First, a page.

(Australia 1968 – )
installation dimensions variable
'Bird dis-play' takes the form of a humble and contingent museum display cabinet, containing and not quite containing the decayed and crumbling remains of badly made models of the feet and legs of birds. The feet in this cabinet, originally part of an outdoor installation Kathy Temin created for the Museum of Modern Art at Heide in Victoria, are modelled on different types of birds - emu, ostrich, duck, penguin, owl and pheasant - although it is doubtful if even an ornithologist could recognise the original bird. This deliberately abject version of a museum display parodies the collecting and preservation which constitutes the core role of museums. In splitting the word 'display' into 'dis-play', Temin emphasises both the dysfunctional nature of her object and by implication the museum practices it refers to: embodying the complexities of life in dead and preserved typologically correct exemplars. The title, however, also refers to the playful nature of her work, of the use of seemingly childlike forms and methods, as well as to a disturbed element in this play as art.
Temin's soft sculptures and fragmented installations have their antecedents in the work of artists such as Claes Oldenburg and Eva Hesse. Her use of craft materials in many of her works - felt, fake fur, cord, modelling clay - and her deliberately unfinished presentation in which her art is often quite literally coming apart at the seams have been seen as both critical of and a homage to the more mutant forms of modernist abstraction and minimalism. However Temin has created her own visual vocabulary which is hesitant and non-committal and in which aberrant and uneasy moments are tinged with pathos and humour, in art as in life. Her works are often cute and appealing, yet their failure in being finished artworks or good examples of craft and their malformed appearance often give them a biting edge. In 'Bird dis-play' the dismembered birds' feet, crumbling clay spilling onto the floor and institutional pale blue colour of the cabinet all suggest that a misfortune of some magnitude has occurred in the museum, or at least in our ability to discern what a cultural exemplar now is.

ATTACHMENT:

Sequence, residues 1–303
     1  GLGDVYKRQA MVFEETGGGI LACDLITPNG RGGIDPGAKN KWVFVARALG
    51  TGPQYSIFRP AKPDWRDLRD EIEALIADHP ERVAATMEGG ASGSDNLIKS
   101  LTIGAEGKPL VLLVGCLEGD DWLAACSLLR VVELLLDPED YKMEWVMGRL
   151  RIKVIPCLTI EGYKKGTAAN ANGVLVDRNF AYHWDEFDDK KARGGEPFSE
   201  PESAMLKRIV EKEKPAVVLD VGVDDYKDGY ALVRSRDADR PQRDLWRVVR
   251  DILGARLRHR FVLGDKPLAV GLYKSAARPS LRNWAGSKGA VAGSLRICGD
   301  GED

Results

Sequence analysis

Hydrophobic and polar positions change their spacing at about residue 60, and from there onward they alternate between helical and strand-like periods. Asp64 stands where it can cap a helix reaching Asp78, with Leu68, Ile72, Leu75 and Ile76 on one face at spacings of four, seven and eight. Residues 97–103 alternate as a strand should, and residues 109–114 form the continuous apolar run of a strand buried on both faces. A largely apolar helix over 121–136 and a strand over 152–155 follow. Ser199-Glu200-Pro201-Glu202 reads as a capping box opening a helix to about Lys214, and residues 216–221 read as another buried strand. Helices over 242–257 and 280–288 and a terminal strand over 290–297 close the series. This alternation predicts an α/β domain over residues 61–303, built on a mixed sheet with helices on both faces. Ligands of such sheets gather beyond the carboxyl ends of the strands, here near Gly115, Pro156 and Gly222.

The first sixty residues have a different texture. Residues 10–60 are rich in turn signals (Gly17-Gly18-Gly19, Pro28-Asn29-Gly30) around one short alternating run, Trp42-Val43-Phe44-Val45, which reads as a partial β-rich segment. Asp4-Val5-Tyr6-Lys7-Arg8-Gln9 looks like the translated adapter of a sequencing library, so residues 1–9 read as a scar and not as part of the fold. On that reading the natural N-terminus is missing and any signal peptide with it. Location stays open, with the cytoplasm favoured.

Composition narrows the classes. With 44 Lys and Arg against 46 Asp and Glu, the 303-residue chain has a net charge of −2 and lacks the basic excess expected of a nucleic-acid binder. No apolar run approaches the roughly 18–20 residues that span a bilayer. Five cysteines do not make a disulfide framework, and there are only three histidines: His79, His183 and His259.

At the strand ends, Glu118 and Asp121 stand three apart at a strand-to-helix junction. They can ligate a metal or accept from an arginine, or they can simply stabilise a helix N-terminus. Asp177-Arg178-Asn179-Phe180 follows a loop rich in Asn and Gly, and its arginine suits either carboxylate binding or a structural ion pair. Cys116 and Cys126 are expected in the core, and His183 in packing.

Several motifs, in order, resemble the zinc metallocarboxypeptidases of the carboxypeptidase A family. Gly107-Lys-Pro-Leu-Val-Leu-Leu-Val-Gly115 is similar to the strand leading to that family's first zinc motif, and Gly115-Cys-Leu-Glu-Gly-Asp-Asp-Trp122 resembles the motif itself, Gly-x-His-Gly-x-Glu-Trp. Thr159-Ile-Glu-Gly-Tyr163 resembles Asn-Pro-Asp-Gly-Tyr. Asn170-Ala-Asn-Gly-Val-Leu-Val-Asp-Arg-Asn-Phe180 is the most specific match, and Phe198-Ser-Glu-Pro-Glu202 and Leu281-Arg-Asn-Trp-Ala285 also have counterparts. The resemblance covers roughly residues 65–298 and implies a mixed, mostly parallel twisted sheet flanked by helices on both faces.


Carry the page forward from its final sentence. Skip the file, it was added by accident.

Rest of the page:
'Troubled times' 1999 (AGNSW collection) is part of a series of works which won Temin the 1999 Moët & Chandon Art Fellowship. While the title suggests a broad political content, it refers to experiences of self and relationships with others. Constructed from grey and white felt, Temin's cartoonish characters are caught in a variety of moments. In one panel a cute but featureless figure sits up in bed and communicates with us by holding up a sign that says 'I don't know myself'. In another the figure photographs us looking at him, suggesting that we are implicated in this tale of misrepresenting our selves both publicly and privately. These cute figures call out for empathy, and yet in turn their laconic irony is quite chilling. The anxiety that permeates these works reflects our general anxiety about human relationships at this point in time and our increasing predisposition to talk about our private lives and experiences publicly while being increasingly unsure of what our public personas are.
© Art Gallery of New South Wales Contemporary Collection Handbook, 2006
Naomi Cass, Art & Text (No. 50), 'Kathy Temin', pg.64-65, Prahran, Jan 1995, 64-65, 64 (illus.).
Claire Doherty, Giovanni Intra and Gregory Williams, Kathy Temin, 2000, 40 (colour illus.).
Deborah Edwards, Robert Klippel: large wood sculptures and collages, 'Robert Klippel - Large Wood Sculptures and Collages', pg. 7-35, Sydney, 1995, 32.
Natalie King, Art and Australia (Vol. 32, No. 3), 'Dis-played', pg.444, Sydney, Autumn 1995, 444 (illus.).
Wayne Tunnicliffe, Contemporary: Art Gallery of New South Wales Contemporary Collection, 'Reality bytes', pg.382-423, Sydney, 2006, 420, 421 (colour illus.).